“the diesel engine with direct fuel injection is the engine with the highest thermal efficiency” – Audi.
MALMO, Sweden – Diesel engines are under attack on many fronts, but Audi still believes they have a solid future and will even lead the way in saving fuel for a while yet.
Ever-tightening clean-air regulations make diesels more expensive to produce. Gasoline engine technology threatens too, with huge gains in fuel economy, all-round responsiveness and flexibility making them more diesel-like without the baggage. Battery-only cars, hybrids, plug-in hybrids and fuel cells are gathering on the fringes for an assault in the fuel economy stakes, but Volkswagen’s luxury subsidiary Audi says technology improvements mean that diesels will at least cling on to their huge market share in Europe for some time to come.
Battery-only cars like the Nissan Leaf rely on electricity alone. The Toyota Prius hybrid use a combination of electricity and gasoline and has a very limited electric-only capability. Plug-in hybrids use a combination of gasoline or diesel engines to provide power, and have a battery-only capability of around 30 miles. The car’s computer will also help generate electricity on the move. Extended range electric vehicles like the Chevrolet Volt have a small gasoline engine which generates electricity when the battery is empty. Fuel cell cars use hydrogen to generate electricity on board and the first examples will appear next year with the Toyota FCV.
But these developments won’t have much of an impact on diesels, or gasoline engines in Europe, for a while yet.
The drive towards battery-only cars has stalled, with buyers demanding prices halve and range doubles before they invest their own money, despite generous government handouts. When battery-only vehicles began to appear, first responders like Renault of France and its Nissan affiliate reckoned by 2020 around 10 per cent of the world’s car sales would be battery-only. Now Barclays Equity Research says this will only reach 1.5 per cent by 2021, with 3.3 per cent in Europe and 1.0 per cent in the U.S. Renault-Nissan has admitted it won’t make its target of 1.5 million electric vehicles by 2016, only selling about 120,000 so far.
So there is plenty of scope to still sell diesels, which Audi says will become yet more fuel efficient and clean.
At a diesel technology workshop, held here in Sweden, Audi said around 40 per cent of its engines sold since 2010 were diesels, and this will continue to at least 2020.
In Europe, close to 50 per cent of all new cars sold are diesels. Diesels have been slow to catch on in the U.S., but Audi managed to sell 158,000 in 2013, up 13.5 per cent on the previous year. Last year the Audi Q5, A6, A7 and A8 offered diesels. The little A3 sedan will have a diesel option in the U.S. later this year.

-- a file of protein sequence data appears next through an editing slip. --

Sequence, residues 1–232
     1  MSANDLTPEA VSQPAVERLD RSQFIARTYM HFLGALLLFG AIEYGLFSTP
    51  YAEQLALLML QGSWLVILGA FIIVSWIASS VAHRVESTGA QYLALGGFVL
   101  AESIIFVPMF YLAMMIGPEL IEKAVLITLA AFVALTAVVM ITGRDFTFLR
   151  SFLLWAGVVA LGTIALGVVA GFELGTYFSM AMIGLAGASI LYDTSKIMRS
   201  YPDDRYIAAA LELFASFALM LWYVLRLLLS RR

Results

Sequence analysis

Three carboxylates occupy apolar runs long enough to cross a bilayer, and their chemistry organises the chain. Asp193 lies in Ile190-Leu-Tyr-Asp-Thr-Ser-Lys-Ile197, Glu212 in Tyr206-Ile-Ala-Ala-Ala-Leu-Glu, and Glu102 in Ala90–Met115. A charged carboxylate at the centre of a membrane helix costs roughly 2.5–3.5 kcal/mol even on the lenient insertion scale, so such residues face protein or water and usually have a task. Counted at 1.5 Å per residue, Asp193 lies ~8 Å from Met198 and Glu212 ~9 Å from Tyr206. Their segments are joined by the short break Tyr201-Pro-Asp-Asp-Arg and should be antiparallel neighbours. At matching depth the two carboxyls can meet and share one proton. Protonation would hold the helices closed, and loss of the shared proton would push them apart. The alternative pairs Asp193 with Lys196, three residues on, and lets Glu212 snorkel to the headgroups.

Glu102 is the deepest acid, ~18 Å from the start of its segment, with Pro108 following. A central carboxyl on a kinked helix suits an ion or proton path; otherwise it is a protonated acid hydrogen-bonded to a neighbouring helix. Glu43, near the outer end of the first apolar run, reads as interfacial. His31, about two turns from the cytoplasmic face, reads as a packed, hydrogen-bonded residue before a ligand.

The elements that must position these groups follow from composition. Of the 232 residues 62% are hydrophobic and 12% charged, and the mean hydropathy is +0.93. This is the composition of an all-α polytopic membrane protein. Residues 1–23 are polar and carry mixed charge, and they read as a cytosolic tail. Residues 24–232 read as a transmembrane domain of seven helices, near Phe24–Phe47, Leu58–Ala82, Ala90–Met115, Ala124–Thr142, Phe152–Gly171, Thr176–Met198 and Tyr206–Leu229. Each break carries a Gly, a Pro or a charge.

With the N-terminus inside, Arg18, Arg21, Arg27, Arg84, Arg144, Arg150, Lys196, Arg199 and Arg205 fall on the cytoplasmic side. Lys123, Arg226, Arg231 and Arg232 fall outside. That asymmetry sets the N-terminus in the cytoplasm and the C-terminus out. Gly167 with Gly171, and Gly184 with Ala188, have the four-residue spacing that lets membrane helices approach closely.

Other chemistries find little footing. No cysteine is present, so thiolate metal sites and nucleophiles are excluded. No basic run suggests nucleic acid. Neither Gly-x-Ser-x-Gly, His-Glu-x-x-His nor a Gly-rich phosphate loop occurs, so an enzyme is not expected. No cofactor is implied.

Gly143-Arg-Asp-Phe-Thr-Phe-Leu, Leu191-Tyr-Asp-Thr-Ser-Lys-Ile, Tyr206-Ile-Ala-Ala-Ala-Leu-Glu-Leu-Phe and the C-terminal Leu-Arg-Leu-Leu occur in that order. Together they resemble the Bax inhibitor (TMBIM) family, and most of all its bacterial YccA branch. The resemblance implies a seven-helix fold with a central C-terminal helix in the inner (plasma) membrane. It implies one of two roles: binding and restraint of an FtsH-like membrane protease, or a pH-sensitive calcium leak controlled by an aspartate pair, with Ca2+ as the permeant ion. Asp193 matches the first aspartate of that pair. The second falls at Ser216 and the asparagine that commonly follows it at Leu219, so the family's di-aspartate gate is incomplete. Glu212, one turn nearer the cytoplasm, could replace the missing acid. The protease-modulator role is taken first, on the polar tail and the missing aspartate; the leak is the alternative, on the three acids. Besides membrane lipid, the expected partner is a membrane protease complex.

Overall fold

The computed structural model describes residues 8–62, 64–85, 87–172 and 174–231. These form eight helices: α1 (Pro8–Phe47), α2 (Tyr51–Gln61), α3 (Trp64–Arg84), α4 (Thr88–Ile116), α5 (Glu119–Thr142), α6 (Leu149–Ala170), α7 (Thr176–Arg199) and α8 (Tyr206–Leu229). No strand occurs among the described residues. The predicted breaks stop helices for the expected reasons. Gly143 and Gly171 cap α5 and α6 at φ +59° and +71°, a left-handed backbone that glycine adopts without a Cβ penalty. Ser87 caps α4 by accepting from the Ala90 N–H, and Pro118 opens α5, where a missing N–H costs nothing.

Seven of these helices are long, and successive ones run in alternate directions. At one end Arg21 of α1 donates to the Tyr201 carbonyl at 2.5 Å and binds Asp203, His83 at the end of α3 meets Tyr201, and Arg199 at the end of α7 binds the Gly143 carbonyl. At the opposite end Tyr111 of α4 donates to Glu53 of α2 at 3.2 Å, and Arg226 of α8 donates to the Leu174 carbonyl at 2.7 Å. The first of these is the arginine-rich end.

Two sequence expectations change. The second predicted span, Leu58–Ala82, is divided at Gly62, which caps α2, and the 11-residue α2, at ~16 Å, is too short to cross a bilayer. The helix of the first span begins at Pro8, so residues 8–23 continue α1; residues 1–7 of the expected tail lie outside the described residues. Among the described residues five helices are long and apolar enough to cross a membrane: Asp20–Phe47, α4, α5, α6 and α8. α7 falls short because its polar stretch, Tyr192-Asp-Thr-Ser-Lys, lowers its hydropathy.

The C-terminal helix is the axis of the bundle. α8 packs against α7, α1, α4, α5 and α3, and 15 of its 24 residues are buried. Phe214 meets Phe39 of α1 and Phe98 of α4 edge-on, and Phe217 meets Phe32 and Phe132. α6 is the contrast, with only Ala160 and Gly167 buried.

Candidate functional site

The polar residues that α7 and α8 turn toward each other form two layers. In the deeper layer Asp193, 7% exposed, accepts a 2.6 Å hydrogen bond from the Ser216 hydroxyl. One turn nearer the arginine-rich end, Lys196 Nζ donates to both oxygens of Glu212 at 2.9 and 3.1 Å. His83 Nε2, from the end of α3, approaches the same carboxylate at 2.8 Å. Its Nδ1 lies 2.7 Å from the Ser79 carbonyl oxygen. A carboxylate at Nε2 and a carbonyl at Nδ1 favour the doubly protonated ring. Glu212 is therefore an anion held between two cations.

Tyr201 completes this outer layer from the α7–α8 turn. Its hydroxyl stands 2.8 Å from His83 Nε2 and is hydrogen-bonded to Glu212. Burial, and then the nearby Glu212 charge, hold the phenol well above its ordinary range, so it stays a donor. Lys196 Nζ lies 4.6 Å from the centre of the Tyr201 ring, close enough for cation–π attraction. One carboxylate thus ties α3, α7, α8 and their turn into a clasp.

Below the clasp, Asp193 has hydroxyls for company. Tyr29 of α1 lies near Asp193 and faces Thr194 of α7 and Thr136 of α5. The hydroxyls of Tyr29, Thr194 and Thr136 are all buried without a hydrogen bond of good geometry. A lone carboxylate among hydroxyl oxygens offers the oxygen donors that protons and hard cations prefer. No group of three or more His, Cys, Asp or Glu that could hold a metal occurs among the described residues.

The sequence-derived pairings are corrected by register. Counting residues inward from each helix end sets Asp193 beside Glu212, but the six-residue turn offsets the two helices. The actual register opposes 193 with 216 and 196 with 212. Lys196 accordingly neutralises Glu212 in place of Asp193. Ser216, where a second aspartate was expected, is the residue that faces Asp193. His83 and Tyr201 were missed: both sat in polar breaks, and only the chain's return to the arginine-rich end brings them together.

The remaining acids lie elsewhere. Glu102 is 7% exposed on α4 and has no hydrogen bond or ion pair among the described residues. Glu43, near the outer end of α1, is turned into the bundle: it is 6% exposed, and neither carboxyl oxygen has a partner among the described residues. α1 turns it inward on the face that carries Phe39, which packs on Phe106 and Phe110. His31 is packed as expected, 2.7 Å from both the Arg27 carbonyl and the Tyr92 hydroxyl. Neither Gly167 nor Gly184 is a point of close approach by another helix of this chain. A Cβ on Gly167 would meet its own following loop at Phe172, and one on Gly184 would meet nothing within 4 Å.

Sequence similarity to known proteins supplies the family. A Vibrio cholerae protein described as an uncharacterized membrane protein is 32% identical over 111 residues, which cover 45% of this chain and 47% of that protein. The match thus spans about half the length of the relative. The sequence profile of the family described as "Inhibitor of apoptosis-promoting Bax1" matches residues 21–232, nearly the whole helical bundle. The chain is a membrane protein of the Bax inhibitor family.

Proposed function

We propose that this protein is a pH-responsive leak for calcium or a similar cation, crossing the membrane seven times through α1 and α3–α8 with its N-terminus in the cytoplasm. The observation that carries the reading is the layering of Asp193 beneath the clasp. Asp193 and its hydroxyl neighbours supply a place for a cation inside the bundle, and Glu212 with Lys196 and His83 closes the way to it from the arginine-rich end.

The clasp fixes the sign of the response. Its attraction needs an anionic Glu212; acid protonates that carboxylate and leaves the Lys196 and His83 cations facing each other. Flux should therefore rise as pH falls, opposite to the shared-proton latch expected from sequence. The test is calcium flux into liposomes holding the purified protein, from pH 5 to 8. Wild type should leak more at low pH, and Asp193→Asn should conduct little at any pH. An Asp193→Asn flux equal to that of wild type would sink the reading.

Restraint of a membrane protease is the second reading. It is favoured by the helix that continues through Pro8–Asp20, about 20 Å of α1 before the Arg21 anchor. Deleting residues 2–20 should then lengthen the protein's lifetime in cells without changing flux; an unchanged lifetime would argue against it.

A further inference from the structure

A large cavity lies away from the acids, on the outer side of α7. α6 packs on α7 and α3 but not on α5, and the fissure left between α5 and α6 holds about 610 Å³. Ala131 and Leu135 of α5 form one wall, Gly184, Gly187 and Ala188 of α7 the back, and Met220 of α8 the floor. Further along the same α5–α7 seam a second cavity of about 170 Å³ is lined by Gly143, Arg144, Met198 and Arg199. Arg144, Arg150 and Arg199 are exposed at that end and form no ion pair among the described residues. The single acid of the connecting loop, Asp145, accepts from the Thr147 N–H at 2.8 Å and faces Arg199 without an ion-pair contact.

Ulrich Hackenberg, Audi technical development board member, said by 2030, 40 per cent of all new cars will be electrified in some way, while two thirds of them will be hybrids. But 80 per cent of cars will still have an internal combustion engine on board as part of a hybrid set-up, or a range-extender with a battery-powered car.
Hackenberg said the efficiency of diesel engines has increased by 30 per cent since 2000. By 2016, the carbon dioxide (CO2) emissions of Audi’s new cars will have fallen by a quarter compared with 2008.
Developments in coming years will be based on 48 volt technology which will allow electrification of many aspects of the diesel engine, including an electrically driver compressor. This will all but eliminate turbo lag. Audi provided demonstration cars at a race-track here to show how use of this compressor gets rid of the time-lag between flooring the accelerator and having the diesel engine react. 48 volt technology and lithium ion batteries will allow the physical electrical systems to be smaller and lighter. So-called renewable e-fuels use micro-organisms to produce synthetic diesel. Audi said this fuel will use no fossil sources, and won’t use crops diverted from food use. Turbo-charging will wring yet more power and efficiency from internal combustion engines.
Hackenberg said the Volkswagen Group – which includes Audi, sports car and luxury brands like Bentley and Lamborghini, and mass market companies like Skoda and SEAT, will achieve its E.U. target of average CO2 emissions of 95 grammes per kilometer (g/km) by 2020. That’s the equivalent of close to 60 miles per U.S. gallon. Most manufacturers have already reached the 2015 E.U. target of 130 g/km, the equivalent of 43 miles per U.S. gallon.
Hackenberg said 20 per cent of that target will be achieved by saving weight, improving roll resistance and aerodynamics, 30 per cent will come from alternative drive systems like natural gas, plug-in hybrids and full electric drive.
“The remaining 50 per cent will be reduced by fully utilizing the potential of our combustion engines. The key words here are reducing friction, efficient thermal management and optimized combustion,” he said.
“Our conclusion: At present and for the foreseeable future, the diesel engine with direct fuel injection is the engine with the highest thermal efficiency. And that makes the diesel the first choice for efficiency in the drive train,” Hackenberg said.